Apple’s all-new iPad Pro has been breaking some land-speed records. Testing has revealed the iPad Pro’s processor runs laps around Intel’s Core-M chipset (found within Apple’s MacBook), while coming perilously close to Intel’s flagship Core-i5 series of chips.
The simplified history is Apple’s ARM-based designs have been moving north faster than Intel can move south into the mobile space. The question one must ask is, how long will it be until Apple equips their Mac notebooks with their own A-series processors? There are a number of factors that go into such a massive foundational decision, but the positives — assuming the A–series chips continue their northerly trajectory — should quickly outweigh the negatives.
2015 has not been a great year for Apple, but the year had started with great promise. Apple Watch was to be Cook’s new product category, helping balance Apple’s sales ledger from heavy iPhone success. It was to be Cook’s version of the introducing the first iMac, iPod, iPhone or iPad to the market. However the Apple Watch launch was blundered like no other in recent Apple history. Within hours, Apple Watch inventory was depleted from online sales, leaving nothing for in-store purchases — on the first day! You could come in, try on a Apple Watch, decide which one was right for you, select additional bands, and then go over to a Mac and order online with a delivery not to happen for the next 2 or 3 months. Awful. What should have been a great success, and caused huge lines in the malls across the country turned out to be a big, big dud. Since then Apple has built up the inventory to match a marginal demand, but Cook and company missed their big opportunity that the iPhone had upon its first day of sales.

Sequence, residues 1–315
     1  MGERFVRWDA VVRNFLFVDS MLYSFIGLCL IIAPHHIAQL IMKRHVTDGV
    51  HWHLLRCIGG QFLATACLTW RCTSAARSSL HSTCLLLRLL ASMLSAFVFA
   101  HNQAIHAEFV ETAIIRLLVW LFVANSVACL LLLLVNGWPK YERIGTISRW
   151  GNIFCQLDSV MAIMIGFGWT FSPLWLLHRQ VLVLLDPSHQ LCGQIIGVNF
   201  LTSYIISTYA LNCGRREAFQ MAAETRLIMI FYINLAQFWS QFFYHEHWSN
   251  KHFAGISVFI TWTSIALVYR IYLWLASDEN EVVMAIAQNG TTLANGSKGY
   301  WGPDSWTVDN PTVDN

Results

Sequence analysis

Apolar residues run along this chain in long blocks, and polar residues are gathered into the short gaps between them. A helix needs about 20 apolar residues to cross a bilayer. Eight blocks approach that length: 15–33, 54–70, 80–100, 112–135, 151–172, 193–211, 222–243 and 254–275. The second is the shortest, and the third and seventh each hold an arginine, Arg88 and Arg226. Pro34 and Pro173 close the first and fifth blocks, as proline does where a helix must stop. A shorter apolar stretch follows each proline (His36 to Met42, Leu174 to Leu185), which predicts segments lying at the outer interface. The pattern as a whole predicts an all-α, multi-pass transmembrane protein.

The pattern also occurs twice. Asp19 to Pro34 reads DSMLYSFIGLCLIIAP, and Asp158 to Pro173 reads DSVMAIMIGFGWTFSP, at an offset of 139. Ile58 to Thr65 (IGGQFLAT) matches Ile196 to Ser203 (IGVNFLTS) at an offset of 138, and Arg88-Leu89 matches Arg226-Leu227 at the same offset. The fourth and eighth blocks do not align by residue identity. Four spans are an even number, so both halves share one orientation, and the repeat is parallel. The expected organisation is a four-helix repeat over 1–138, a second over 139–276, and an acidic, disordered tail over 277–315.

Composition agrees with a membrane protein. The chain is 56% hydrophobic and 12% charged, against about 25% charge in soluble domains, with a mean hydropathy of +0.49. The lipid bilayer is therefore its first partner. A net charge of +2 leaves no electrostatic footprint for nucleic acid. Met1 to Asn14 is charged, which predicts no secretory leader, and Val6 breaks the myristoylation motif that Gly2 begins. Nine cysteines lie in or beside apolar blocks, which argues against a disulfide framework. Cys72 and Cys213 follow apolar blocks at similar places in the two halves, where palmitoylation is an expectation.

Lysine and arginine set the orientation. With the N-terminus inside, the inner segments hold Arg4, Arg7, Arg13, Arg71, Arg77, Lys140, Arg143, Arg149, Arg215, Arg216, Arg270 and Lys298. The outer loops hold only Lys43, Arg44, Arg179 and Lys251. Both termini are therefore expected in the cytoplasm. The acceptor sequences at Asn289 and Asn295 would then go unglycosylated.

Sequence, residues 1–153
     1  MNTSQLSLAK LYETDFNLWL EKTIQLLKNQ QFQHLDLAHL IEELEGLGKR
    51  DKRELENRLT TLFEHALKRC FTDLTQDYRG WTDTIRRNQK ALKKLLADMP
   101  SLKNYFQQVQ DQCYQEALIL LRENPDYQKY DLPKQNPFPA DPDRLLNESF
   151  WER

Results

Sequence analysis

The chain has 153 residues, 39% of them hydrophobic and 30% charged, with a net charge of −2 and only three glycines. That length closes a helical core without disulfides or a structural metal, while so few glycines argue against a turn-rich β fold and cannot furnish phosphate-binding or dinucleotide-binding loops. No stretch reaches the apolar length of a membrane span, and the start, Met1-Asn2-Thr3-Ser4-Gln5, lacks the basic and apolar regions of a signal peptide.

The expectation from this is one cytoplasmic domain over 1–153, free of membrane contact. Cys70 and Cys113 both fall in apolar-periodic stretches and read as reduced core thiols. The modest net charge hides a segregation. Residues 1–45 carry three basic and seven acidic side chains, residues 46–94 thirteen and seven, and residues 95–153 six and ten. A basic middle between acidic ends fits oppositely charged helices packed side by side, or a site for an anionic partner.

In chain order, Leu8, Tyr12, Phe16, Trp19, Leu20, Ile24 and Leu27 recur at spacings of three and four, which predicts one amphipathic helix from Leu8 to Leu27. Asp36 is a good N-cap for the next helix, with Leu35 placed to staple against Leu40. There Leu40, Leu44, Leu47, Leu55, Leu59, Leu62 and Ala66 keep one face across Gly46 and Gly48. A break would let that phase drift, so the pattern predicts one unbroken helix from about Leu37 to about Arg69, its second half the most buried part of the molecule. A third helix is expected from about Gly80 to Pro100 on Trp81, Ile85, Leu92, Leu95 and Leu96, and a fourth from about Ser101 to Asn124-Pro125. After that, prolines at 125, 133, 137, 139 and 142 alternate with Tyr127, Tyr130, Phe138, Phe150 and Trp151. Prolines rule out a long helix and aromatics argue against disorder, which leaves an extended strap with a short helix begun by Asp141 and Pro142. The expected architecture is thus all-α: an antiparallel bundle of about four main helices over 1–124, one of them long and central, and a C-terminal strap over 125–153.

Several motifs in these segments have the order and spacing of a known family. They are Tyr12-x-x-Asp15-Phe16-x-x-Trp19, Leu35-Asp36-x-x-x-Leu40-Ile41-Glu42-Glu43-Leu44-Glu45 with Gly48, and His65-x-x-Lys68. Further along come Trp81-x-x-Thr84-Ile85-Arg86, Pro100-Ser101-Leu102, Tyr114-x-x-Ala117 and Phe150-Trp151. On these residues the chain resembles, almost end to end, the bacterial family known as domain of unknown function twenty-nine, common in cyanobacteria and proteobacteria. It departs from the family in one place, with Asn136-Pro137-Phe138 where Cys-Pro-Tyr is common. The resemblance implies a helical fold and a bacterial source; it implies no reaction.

I have bemoaned Apple’s laptop lineup before, but every time I look at it, I still cringe. I can not imagine someone going into an Apple Store today and clearly understanding the reason (and the difference) between a 13" MacBook Air and a 12" MacBook. Or between an 11" MacBook Air and the new iPad Pro.
Tim Cook is running all about this week talking about the iPad Pro as his new notebook. He claims all he needs is his iPad Pro and his iPhone. Fine, fantastic. But while he is euphorically trying to restart growth in the iPad line up, he is, at the same time, furthering muddling the notebook line up, making the consumer choice confusing. Sometimes I long for the days where the authoritarian Steve Jobs would say you can have a notebook and it comes in these three models — that’s it. Jobs loved simplicity and Apple’s product lines almost always reflect that. Everything was easy to understand. The differences between each model was clear, including the pricing, and therefore made the choice simple for the purchaser.